Feb 9, 2014
ShiroNeko89 (All reviews)
Belonging to a Muslim family my bedtime stories consisted of the adventures of Sinbad, Ali Baba and Aladdin. We had a copy of the children’s version of 1001 nights at home and me and my brother would hang on every word as our mother would read them to us. When I grew older I watched all the movies and series based on these stories (e.g The Theif of Baghdad – a must watch if you like the Arabian Nights)

So when I came across this movie by Tezuka, Osamu I was ecstatic.

Let me explain the story a little. Senya Ichiya Monogatari (SIM) tells the tale of Aladdin as he ventures into Baghdad as a water seller and falls in love with a slave girl. The girl is being sold in the market place and Aladdin, who fell in love with her at first sight, taking advantage of a sandstorm takes off with the girl and that is where our tale begins. I won’t dispense too many details here, because its very entertaining to watch the story unfold. Since the original 1001 nights is so vast the writers have chosen and used some elements of the different popular tales and infused them in telling the tale of Aladdin (like the bandits cave, the flying toy horse and the flying carpet). I loved seeing all the different elements come together to create a completely new tale of love, hate, power and insanity.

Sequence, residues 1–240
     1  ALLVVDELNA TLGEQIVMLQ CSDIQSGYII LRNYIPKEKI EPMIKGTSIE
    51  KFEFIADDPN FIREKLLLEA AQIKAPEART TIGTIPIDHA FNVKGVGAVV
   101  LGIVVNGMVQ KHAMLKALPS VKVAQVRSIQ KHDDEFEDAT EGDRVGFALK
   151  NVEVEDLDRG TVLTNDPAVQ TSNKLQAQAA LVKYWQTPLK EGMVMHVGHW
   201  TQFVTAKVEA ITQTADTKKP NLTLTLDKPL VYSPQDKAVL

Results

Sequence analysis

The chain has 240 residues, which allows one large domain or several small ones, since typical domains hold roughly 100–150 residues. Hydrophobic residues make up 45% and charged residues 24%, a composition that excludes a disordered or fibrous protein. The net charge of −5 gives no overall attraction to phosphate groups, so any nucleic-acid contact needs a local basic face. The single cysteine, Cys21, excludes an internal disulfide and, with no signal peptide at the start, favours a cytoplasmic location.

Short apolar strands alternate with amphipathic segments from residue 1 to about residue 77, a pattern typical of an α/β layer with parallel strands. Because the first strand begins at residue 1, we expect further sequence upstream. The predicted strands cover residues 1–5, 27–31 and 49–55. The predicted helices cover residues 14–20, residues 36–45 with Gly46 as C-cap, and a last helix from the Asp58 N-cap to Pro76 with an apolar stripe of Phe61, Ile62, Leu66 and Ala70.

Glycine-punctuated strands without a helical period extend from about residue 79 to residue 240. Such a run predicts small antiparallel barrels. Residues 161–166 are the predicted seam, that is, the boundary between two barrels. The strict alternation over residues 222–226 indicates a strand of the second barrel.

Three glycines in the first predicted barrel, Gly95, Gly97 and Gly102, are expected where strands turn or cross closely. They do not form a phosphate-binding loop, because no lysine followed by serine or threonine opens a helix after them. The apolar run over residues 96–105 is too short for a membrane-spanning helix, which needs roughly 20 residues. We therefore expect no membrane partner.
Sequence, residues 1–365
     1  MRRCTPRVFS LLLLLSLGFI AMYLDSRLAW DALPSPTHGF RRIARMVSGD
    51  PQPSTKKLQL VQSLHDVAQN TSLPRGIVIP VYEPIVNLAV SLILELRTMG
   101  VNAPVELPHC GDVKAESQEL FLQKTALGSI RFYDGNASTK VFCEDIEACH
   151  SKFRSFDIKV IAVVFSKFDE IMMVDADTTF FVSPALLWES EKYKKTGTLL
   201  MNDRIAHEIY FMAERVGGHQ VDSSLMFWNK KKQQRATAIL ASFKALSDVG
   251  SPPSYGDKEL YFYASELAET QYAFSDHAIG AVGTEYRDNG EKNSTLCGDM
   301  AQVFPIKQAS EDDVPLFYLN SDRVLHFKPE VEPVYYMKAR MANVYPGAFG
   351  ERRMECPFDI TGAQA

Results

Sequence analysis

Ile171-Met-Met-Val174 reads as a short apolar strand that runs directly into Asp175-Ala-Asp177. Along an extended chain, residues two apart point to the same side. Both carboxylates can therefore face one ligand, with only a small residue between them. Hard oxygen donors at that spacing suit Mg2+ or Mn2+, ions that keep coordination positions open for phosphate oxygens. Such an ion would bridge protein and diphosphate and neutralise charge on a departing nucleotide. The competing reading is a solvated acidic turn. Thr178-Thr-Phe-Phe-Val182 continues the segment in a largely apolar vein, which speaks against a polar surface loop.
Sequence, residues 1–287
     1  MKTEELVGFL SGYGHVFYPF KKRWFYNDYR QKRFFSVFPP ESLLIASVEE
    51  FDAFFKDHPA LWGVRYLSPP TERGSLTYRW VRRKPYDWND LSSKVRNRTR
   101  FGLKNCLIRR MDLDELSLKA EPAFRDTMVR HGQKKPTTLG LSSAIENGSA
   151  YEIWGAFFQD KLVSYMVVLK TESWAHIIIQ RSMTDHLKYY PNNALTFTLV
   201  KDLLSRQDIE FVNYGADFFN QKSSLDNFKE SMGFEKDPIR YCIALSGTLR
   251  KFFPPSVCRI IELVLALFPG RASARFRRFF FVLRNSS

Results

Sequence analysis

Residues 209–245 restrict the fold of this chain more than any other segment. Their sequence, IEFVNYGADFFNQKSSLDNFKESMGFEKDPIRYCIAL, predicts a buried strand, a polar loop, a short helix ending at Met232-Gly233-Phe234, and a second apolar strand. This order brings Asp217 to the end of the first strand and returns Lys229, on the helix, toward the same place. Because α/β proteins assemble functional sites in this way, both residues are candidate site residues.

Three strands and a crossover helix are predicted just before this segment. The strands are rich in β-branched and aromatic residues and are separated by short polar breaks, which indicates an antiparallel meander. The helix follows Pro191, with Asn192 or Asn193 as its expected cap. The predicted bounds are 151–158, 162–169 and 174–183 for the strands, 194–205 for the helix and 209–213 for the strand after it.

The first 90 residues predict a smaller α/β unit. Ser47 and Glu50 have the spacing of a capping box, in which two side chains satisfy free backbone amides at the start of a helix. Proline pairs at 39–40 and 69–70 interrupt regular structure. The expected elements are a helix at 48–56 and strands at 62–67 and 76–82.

The characters are very entertaining to watch. There is just the right amount of comic relief in the dialogues and there are also scenes that will bring tears to your eyes. A few scenes sent a chill up my spine too but they were just as entertaining. By the end of the movie I felt that I had actually gone through a long journey because the time span covered in SIM is that of years but it doesn’t feel rushed at all.

The animation is old but surprisingly it complements the story very well adding to the majestic atmosphere. The scenes are very vivid and the imagery is very powerful. (I wouldn’t watch this after doing drugs :p)
Overall I loved SMI. It reminded me how much I enjoyed the Arabian Nights tales as a child and its motivated me to buy the 1001 nights compilation translated by Malcolm C. Lyons and Ursula Lyons.